This post was originally published on Forbes May 7, 2015
Alimony deductions seem to generate more than their fair share of tax court litigation. The latest I have noted is the case of Joshua Henry Wish. It is the kind I like, a case where the taxpayer wins without the help of an attorney. It was not a total win as he was dinged with a small math error and it is a summary opinion that cannot be used as a precedent, but still a win is a win and you have to take what you can get.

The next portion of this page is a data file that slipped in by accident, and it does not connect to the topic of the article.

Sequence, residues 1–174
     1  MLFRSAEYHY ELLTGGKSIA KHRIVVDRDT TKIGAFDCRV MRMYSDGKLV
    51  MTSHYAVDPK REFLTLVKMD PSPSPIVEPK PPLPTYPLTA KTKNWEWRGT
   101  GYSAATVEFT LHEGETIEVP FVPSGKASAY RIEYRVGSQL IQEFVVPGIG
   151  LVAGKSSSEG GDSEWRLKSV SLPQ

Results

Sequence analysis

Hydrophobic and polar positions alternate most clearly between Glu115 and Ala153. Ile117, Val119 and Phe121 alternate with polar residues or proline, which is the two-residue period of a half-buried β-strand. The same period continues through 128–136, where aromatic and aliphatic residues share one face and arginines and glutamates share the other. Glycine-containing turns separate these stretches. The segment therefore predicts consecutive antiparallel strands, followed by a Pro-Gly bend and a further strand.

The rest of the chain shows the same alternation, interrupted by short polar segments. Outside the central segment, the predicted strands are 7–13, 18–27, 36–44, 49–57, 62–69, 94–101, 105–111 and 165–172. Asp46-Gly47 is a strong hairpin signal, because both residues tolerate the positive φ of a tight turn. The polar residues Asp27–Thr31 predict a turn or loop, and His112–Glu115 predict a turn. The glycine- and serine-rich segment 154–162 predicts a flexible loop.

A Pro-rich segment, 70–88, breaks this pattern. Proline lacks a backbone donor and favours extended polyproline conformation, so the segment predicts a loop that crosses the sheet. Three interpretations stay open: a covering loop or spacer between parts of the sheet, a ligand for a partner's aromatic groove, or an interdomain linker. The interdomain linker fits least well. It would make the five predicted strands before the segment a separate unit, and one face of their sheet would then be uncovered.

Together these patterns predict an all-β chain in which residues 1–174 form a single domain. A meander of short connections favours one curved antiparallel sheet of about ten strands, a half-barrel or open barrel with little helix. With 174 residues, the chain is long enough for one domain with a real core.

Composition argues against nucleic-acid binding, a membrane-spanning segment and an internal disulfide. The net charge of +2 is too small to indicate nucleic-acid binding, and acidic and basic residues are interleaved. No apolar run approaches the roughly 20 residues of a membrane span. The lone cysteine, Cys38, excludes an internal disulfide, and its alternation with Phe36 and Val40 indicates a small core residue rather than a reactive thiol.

Petitioner and his former wife entered into the agreement that she would homeschool their child with the explicit understanding that their decision would cause financial hardship for her because she would not be able to work while performing the schooling. Under the terms of the written agreement and their understanding, it was solely within his former wife's discretion as to whether she would go back to work or continue homeschooling their child. During the seventh month of the agreement under the divorce order, the former wife requested increased spousal support payments from petitioner, but he was unable or unwilling to pay more. Hence, petitioner's former wife decided to return to work, and therefore the child was no longer homeschooled. That did not mean that the child was not schooled, because the child continued to be schooled, albeit at a different location, i.e., public school. Accordingly, the contingency was not whether the child discontinued school, but whether petitioner's former wife was willing to make financial sacrifices by not working so as to provide the schooling.